I will protect your pensions. Nothing about your pension is going to change when I am governor. - Chris Christie, "An Open Letter to the Teachers of NJ" October, 2009

Friday, June 29, 2012

Rhee Gets Drill & Kill Wrong

I wrote earlier this week about the drubbing Michelle Rhee got on the BBC from the British teachers union leader, Mary Bousted.

One of the difficulties in debating Rhee is that when she opens her mouth and the spin comes flying out, it's hard to know what to debunk first; I mean, there's just so much of it, so where do you start? But here's one claim she made that Bousted never got to rebut I'd like to put to rest right now:
(3.24) The research is very clear that teachers who teach to the test actually... don't... their kids don't do better academically. The kids who do the best academically, on tests, as measured by tests, are the teachers who teach a broad base of skills... and critical thinking skills and analytics. So teachers who are really paying attention to what works are never going to teach to the test.
Hmm... what research is that? Well, in this video, Rhee tells us:

(3:40) The Gates Foundation put out a study about a year ago that showed that teachers who teach to the test, meaning they do the drill-and-kill with the kids, actually those kids do not do as well on the test, don't do as well academically, as those teachers who teach high order thinking skills, and critical thinking and analytical skills.

Rhee is clearly talking about the Gates MET Project, which came out in 2010. She is claiming that the study shows that teachers who do not drill-and-kill have students who do better on standardized tests.

Is it true? Do teachers who don't train their students to pass bubble tests get better results on those tests? Has common sense been suspended?

The New York Times reported on these findings Friday and repeated the following strong claim:
But now some 20 states are overhauling their evaluation systems, and many policymakers involved in those efforts have been asking the Gates Foundation for suggestions on what measures of teacher effectiveness to use, said Vicki L. Phillips, a director of education at the foundation.
One notable early finding, Ms. Phillips said, is that teachers who incessantly drill their students to prepare for standardized tests tend to have lower value-added learning gains than those who simply work their way methodically through the key concepts of literacy and mathematics. (emphasis added)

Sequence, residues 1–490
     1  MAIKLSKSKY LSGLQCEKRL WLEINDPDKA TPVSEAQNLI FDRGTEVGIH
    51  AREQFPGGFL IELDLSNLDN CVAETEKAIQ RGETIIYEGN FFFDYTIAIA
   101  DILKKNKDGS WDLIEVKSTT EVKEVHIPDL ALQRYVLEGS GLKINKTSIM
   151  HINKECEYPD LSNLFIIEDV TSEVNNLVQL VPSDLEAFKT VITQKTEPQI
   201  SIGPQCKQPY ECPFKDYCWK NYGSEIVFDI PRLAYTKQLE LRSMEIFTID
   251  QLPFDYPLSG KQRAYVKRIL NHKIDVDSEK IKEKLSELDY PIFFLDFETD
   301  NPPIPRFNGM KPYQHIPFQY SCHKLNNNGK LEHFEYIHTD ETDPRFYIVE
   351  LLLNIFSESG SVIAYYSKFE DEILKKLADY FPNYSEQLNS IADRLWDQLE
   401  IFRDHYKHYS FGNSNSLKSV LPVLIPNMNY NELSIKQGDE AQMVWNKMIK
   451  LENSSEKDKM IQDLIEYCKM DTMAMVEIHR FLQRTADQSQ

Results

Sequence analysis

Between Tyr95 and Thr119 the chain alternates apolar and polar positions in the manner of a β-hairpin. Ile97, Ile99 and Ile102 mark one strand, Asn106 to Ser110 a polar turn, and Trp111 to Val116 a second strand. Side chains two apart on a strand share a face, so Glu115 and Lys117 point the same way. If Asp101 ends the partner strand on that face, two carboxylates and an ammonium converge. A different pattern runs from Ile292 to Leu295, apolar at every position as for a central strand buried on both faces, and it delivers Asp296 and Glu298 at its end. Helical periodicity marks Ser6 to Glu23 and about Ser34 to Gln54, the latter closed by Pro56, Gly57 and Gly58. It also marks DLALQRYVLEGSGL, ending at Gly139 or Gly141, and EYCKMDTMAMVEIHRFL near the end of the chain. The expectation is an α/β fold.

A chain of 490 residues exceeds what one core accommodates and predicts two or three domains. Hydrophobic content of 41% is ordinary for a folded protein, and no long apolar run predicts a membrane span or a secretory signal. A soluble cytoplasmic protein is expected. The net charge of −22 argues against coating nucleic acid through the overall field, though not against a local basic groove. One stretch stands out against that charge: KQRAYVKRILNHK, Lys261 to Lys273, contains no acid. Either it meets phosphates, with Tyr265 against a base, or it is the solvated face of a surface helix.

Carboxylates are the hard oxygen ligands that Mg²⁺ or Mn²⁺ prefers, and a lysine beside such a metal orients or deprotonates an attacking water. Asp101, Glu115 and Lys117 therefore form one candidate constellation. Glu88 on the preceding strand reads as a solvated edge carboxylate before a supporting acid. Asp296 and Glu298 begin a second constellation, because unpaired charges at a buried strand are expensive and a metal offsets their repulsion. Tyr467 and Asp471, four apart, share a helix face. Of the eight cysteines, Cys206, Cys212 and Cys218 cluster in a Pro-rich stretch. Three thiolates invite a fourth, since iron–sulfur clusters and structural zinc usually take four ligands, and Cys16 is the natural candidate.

I looked through the report for evidence that supported this claim and could not find it.  Instead, the report actually shows a positive correlation between student reports of “test prep” and value added on standardized tests, not a negative correlation as the statement above suggests.  (See for example Appendix 1 on p. 34.)
The statement “We spend a lot of time in this class practicing for [the state test]” has a correlation of  0.195 with the value added math results.  That is about the same relationship as “My teacher asks questions to be sure we are following along when s/he is teaching,” which is 0.198.  And both are positive.
It’s true that the correlation for “Getting ready for [the state test] takes a lot of time in our class” is weaker (0.103) than other items, but it is still positive.  That just means that test prep may contribute less to value added than other practices, but it does not support the claim that  ”teachers who incessantly drill their students to prepare for standardized tests tend to have lower value-added learning gains…”
In fact, on page 24, the report clearly says that the relationship between test prep and value-added on standardized tests is weaker than other observed practices, but does not claim that the relationship is negative:
The five questions with the strongest pair-wise correlation with teacher value-added were: “Students in this class treat the teacher with respect.” (ρ=0.317), “My classmates behave the way my teacher wants them to.”(ρ=0.286), “Our class stays busy and doesn’t waste time.” (ρ=0.284), “In this class, we learn a lot almost every day.”(ρ=0.273), “In this class, we learn to correct our mistakes.” (ρ=0.264) These questions were part of the “control” and “challenge” indices. We also asked students about the amount of test preparation they did in the class. Ironically, reported test preparation was among the weakest predictors of gains on the state tests: “We spend a lot of time in this class practicing for the state test.” (ρ=0.195), “I have learned a lot this year about the state test.” (ρ=0.143), “Getting ready for the state test takes a lot of time in our class.” ( ρ=0.103) [second and third emphasis mine]
Apparently, Jay Greene got some crap for pointing out that the Gates study does NOT say what Rhee claims it says: there most certainly is a positive correlation between test prep and test scores. May I also point out that surveying 13-year-olds about their teachers' practices probably isn't the most accurate way to gauge whether the teachers are actually drilling-and-killing or not; after all, it's not like the kids have had many other teachers to judge their teachers against.

What it all comes down to is this: teachers teach the test when the test tests teachers. Duh.

I've asked this before, and I'll ask it again: why does anyone listen to anything Michelle Rhee has to say?

Oh, yeah, right...